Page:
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See Inside Scientific American Volume 308, Issue 5

An Emotionally Intelligent GPS System

Human emotion metrics for navigation plans and maps: Imagine choosing not just the quickest path to your destination but the one that is most likely to lift your mood. Patent no. 8,364,395 fuses advances in mapping and traffic data with those in mood detection to form an emotionally intelligent navigation system.

Route-planning devices and maps already allow users to choose a path that avoids tolls or traffic jams. And some technologies can gauge mood: microphones detect vocal stress in drivers asking for directions or screaming expletives; sensors detect a driver's pulse and sweaty palms on the steering wheel; and software mines social-media streams for users' emotions and locations.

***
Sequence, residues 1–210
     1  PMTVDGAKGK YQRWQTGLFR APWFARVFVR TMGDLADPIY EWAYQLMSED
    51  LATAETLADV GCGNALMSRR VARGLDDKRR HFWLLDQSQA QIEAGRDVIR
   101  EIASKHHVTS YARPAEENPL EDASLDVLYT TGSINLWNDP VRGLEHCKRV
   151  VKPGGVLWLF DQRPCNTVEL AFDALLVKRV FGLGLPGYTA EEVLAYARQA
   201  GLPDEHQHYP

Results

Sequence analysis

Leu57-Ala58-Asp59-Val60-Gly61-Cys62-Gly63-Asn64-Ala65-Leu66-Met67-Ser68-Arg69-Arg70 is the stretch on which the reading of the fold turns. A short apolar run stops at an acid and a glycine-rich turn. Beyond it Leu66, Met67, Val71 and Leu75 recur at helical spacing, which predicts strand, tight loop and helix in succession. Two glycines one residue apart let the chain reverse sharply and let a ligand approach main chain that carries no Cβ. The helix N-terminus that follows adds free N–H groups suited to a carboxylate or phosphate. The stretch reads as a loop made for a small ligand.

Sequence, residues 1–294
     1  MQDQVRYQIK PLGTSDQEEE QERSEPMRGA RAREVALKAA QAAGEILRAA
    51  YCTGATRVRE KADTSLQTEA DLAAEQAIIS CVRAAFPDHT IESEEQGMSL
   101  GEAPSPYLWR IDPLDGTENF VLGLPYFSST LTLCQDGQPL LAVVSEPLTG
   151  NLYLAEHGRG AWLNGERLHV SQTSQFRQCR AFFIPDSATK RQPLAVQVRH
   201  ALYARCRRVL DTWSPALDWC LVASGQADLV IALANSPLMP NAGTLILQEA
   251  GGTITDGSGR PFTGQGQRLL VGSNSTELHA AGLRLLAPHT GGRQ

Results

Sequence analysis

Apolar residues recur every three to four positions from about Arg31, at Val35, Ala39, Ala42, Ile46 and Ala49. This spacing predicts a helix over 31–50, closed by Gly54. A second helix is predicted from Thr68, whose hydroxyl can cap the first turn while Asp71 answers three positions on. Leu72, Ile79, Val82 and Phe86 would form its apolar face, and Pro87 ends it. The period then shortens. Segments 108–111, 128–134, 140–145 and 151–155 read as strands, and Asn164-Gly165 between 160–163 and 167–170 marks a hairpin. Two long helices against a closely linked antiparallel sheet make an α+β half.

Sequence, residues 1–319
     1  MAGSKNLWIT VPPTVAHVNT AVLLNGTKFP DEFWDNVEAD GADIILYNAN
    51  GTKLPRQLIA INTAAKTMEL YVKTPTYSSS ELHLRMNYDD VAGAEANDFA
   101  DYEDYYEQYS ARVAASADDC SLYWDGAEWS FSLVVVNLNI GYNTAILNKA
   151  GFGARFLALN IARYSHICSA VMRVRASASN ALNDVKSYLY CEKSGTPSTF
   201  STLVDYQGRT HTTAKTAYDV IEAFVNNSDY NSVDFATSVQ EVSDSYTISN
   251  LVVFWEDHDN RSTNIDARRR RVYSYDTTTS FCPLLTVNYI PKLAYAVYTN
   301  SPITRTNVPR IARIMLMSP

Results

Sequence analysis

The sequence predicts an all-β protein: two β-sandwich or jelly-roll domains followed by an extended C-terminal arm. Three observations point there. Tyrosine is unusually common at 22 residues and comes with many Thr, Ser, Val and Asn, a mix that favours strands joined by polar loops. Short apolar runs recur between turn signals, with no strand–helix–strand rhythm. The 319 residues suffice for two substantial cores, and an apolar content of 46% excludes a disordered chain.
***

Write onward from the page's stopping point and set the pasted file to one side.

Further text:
A new device, designed by IBM researchers, could help tourists navigate unfamiliar cities, avoiding protests and road-rage incidents but taking in buzz-generating restaurants or tranquil scenery. Emoticons displayed along the routes would serve as guides.

The device factors in recent history. “You can choose a destination where people are happiest now or where people over the last week” have been happy, says co-inventor Paul B. French, a systems architect at IBM. If an area cheered visitors up, the system would classify the route as mood-enhancing. “The change of mood,” he says, “is key.”

This article was originally published with the title "Patent Watch."

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